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When a detective leaves town   Leave a comment

Even when detectives go on vacation, there’s always a crime scene nearby. What sets Devices and Desires by P.D. James apart from the pack is that Scotland Yard Commander Adam Dalgleish isn’t the one to solve it – at least not overtly.

Dalgleish has inherited his deceased aunt’s house, a converted lighthouse, on England’s Northern coast near a nuclear power plant. He leaves London to work on the house and to consider what to do with it.

A serial killer is on the loose in Norfolk, which keeps tensions taut. Known as “The Whistler”, the killer’s prey are young women. Yet, this is only one of the numerous threads running through the novel. The local authorities acknowledge Dalgliesh’s presence, but are determined to the find the culprit on their own. His eventual involvement is part of the mystery.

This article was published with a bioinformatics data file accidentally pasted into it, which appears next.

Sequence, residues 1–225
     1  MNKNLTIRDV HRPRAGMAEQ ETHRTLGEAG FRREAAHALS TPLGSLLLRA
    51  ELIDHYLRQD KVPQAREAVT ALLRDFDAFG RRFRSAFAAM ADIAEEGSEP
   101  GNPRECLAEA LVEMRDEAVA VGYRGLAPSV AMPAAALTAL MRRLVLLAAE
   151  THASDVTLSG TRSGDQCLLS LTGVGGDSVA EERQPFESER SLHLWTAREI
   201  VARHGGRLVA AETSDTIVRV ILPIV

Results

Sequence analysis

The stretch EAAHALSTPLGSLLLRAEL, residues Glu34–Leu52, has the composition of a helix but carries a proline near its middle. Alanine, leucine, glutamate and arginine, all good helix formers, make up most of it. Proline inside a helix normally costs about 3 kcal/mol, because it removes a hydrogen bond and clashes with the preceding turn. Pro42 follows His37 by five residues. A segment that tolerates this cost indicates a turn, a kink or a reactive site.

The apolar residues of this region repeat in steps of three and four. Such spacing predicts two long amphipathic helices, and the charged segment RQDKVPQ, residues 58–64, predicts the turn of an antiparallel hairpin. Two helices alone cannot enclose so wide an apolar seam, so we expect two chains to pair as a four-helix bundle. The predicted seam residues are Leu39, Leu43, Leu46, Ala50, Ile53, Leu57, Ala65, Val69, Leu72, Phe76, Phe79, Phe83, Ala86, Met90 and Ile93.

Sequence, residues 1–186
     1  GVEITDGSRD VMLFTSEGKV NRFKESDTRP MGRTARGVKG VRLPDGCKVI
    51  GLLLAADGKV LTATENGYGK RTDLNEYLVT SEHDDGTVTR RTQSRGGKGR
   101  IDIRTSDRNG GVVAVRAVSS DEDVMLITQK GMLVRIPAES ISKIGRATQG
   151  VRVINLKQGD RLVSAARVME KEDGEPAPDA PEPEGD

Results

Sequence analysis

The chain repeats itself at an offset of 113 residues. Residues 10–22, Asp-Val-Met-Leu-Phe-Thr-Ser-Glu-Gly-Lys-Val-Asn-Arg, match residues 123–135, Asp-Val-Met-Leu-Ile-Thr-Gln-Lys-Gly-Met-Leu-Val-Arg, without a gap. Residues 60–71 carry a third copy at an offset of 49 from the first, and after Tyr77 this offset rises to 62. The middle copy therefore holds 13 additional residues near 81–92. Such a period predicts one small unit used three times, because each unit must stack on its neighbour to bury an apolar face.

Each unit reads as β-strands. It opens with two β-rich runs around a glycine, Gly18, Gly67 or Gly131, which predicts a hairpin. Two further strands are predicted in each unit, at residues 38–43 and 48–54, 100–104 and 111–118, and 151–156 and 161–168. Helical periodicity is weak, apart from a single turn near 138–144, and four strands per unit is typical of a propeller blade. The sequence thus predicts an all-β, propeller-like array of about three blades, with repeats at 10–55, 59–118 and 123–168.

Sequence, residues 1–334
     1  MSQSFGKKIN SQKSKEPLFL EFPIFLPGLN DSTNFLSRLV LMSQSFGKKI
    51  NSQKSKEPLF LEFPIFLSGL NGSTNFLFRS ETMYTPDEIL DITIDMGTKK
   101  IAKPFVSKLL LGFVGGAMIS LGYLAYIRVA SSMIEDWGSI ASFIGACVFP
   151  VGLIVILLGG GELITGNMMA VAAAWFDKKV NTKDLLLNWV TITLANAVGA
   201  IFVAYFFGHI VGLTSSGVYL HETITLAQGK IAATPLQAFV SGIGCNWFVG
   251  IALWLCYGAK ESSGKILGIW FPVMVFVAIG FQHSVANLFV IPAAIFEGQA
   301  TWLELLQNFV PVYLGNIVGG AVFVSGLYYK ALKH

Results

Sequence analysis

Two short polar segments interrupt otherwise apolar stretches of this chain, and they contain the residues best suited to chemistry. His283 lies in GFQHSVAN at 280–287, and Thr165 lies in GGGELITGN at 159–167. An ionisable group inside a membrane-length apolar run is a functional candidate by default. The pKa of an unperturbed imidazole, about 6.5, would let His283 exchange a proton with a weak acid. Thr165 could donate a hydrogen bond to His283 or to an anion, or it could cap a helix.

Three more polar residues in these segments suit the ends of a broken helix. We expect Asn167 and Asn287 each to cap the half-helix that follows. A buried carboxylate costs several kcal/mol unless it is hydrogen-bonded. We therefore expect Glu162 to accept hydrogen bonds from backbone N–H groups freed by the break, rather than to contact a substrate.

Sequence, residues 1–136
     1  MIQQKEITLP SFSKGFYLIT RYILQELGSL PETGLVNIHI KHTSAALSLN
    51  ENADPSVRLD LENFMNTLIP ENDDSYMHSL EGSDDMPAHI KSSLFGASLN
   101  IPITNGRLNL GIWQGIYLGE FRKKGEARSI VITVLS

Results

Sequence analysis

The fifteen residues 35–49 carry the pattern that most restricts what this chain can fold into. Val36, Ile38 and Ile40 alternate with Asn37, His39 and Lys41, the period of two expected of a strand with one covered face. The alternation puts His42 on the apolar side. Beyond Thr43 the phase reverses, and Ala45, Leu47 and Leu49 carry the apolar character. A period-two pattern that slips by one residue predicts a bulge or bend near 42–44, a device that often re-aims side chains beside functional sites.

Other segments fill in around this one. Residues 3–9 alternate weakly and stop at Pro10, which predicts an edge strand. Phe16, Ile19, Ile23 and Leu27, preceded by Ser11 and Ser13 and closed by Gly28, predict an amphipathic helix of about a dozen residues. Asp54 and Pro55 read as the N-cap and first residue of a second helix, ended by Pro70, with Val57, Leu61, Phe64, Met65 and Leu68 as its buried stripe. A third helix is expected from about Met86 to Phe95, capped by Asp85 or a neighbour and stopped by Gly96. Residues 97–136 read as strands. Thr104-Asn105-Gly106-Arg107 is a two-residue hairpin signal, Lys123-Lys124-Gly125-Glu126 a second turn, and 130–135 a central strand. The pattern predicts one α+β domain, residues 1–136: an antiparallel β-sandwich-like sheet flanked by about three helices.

Chapters are brief, only one to four pages, and the story covers the period of a few weeks: September 15 to October 6.

The landscape descriptions are vivid, as are the townspeople’s quirks. Dalgliesh figures into many of James’ novels. Here he has just published his second book of poetry, which is less cause for celebration than might be expected. There’s an underlying cynicism regarding this accomplishment by many Dalgliesh comes into contact with.

Other themes include illicit liaisons and the dangers of atomic energy. The large number of characters also weighs down the narrative. Although some are intelligent and interesting, the problem is that there are too many to keep track of.

Devices and Desires

Three bookmarks

Warner Books, 1989

466 pages